Unidentified arsonists placed a large trash bin against a side door of the Saint-Pierre cathedral in Rennes late last week and set the contents on fire, in an apparent attempt to torch the church.
Rennes firefighters arrived in time to put out the fire, which they believe to have been intentionally set since the bin was brought from an adjacent street and deliberately placed outside the door. The incident took place during the night from the 11th to 12th of June.
It was the owner of a neighborhood restaurant who sounded the alarm, shortly before 2:00am. “I started to smell a burning odor so I went to see if it was coming from our kitchens,” he said. “I went upstairs to the second floor and opened the window that overlooks the church.
“The smell was stronger and stronger and I saw neighbors running with buckets of water. They told me the cathedral was on fire,” he added.
Because of the swift intervention by firefighters, the fire was brought under control before serious damage except could be done to the church. The judicial police have taken charge of the investigation into the arson.
“There was no intrusion into the building,” said Father Erwan Delahaye, the pastor of the cathedral. “But the door was damaged, and was partially destroyed by the flames.”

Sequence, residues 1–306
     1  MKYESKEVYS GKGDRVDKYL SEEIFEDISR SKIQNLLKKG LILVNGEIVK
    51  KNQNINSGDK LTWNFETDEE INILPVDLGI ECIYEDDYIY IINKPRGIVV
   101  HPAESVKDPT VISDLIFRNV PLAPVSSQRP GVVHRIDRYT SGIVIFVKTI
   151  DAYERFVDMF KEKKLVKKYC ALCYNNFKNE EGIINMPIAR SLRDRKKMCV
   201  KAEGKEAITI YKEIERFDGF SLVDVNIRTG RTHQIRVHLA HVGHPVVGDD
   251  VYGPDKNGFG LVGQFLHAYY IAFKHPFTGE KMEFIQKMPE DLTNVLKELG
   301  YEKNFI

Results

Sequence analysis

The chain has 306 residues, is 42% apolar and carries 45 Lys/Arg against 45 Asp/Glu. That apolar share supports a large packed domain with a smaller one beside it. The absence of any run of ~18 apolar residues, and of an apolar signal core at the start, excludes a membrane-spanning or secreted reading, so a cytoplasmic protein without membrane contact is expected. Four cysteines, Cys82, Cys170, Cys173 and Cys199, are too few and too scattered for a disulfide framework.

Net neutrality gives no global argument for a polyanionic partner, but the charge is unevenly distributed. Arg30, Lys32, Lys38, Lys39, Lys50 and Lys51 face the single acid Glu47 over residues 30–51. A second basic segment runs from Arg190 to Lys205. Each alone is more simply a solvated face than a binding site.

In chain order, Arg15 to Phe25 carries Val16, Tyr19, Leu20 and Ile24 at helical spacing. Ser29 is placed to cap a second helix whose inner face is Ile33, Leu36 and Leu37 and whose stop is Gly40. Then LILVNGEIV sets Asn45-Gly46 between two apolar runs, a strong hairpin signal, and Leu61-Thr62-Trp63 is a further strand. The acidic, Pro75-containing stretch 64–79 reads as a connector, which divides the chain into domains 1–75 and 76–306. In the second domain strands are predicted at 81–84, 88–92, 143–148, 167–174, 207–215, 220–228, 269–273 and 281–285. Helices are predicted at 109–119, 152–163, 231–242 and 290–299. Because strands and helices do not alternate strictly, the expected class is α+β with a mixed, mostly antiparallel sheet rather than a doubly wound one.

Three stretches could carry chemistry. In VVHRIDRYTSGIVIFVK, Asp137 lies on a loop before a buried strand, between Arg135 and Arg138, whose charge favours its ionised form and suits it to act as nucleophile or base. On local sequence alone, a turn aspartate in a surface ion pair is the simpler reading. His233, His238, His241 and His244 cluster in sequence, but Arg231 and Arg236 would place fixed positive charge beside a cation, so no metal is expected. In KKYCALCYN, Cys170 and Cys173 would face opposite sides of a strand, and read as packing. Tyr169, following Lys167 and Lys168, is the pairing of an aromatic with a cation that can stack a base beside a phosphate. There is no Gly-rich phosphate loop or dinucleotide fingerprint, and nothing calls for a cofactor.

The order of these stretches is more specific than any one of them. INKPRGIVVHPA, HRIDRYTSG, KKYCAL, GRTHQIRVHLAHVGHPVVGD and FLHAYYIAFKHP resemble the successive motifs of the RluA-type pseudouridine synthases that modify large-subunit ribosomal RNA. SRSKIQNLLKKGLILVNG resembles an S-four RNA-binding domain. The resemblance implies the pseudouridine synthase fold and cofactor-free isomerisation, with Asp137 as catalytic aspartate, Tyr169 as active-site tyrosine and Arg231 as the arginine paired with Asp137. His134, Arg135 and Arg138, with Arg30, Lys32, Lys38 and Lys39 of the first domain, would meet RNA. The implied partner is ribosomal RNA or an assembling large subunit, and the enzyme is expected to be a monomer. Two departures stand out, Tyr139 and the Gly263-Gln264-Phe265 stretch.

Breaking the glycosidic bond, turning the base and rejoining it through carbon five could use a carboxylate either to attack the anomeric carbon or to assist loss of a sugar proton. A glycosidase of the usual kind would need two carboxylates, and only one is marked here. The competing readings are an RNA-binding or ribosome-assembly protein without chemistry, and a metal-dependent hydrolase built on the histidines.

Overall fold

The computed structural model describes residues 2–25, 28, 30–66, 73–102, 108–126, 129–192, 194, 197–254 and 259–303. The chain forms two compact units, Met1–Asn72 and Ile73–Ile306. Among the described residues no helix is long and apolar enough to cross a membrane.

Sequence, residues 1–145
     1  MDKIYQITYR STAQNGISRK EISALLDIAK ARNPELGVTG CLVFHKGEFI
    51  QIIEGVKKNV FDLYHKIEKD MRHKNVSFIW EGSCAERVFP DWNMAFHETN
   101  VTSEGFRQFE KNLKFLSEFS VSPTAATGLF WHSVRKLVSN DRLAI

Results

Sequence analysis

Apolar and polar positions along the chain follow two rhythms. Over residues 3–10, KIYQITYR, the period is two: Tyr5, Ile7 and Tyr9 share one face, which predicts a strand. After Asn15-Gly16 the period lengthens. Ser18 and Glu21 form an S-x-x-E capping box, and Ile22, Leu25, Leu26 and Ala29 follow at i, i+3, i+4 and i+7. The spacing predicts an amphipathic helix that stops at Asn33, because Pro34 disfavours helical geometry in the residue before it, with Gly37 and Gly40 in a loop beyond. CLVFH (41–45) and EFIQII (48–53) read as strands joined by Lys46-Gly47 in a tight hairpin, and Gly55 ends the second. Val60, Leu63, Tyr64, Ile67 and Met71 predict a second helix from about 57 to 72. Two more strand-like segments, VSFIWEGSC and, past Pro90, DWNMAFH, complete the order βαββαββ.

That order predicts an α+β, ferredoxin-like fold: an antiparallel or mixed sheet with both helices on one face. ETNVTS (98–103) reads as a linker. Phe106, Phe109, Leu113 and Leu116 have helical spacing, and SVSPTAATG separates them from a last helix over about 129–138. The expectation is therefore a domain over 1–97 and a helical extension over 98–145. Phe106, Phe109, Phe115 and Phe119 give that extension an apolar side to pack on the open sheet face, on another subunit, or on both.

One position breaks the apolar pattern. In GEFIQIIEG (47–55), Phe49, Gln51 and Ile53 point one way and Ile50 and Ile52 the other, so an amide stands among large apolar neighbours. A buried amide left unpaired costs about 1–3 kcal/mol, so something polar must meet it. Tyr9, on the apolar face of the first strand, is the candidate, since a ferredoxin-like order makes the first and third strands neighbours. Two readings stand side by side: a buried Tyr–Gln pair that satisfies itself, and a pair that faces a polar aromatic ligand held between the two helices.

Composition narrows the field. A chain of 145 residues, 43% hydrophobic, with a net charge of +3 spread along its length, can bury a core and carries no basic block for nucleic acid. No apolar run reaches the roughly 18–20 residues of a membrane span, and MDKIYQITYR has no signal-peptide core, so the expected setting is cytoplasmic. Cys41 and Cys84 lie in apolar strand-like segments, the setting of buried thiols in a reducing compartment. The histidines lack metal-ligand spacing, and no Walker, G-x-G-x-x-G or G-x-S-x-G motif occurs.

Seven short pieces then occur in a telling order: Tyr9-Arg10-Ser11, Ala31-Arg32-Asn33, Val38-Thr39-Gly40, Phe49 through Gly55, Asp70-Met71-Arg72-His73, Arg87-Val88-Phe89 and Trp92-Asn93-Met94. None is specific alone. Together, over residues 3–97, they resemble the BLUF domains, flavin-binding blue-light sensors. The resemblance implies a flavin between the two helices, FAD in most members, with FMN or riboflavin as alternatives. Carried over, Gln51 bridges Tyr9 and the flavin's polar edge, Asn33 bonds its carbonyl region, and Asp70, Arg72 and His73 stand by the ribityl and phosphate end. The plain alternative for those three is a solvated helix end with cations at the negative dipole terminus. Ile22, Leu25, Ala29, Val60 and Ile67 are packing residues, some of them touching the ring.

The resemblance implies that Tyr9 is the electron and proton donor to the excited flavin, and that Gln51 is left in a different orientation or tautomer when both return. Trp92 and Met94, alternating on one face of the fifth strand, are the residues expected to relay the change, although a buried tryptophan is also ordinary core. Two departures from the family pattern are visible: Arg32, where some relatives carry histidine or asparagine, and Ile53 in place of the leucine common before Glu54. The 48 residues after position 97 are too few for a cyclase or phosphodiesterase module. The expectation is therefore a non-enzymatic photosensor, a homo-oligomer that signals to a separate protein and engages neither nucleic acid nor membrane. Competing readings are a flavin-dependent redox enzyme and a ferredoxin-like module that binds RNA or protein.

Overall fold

The pediment and stones around the door, blackened by smoke, also suffered from the fire. The Regional Directorate of Cultural Affairs (DRAC) called on local craftsmen to carry out a temporary repair.
In April 2019, the Paris cathedral of Notre Dame caught fire and suffered extensive damage, including the loss of its spire. Investigators do not believe that the blaze was intentionally set.
Nonetheless, shortly before the Notre Dame fire a dozen Catholic churches were desecrated across France over the period of just one week.
During that week in March 2019, arsonists set fire to the church of Saint-Sulpice — one of Paris’ largest and most important churches — shortly after the twelve-o’clock Mass in what police determined to be an act of arson. The cost of restoration of the church from the fire damage caused was estimated at several hundred million euros.
In Nimes, near the Spanish border, the church of Notre-Dame des Enfants was desecrated in a particularly hateful way, with marauders painting a cross with human excrement, looting the main altar and the tabernacle, and stealing the consecrated hosts, which were discovered later among piles of garbage.
The church of Notre-Dame in Dijon, in Burgundy region, similarly suffered the sacking of the high altar and vandals took the hosts from the tabernacle, scattering them on the ground and trampling them underfoot.
A group of young men desecrated the village church of Lavaur, in the southern department of the Tarn, twisting one arm of a sculpture of the crucified Christ to make it appear that he was making an obscene gesture.
Although media were hesitant to attribute a particular religious or cultural origin to the desecrations, the incidents all shared a clear anti-Christian character.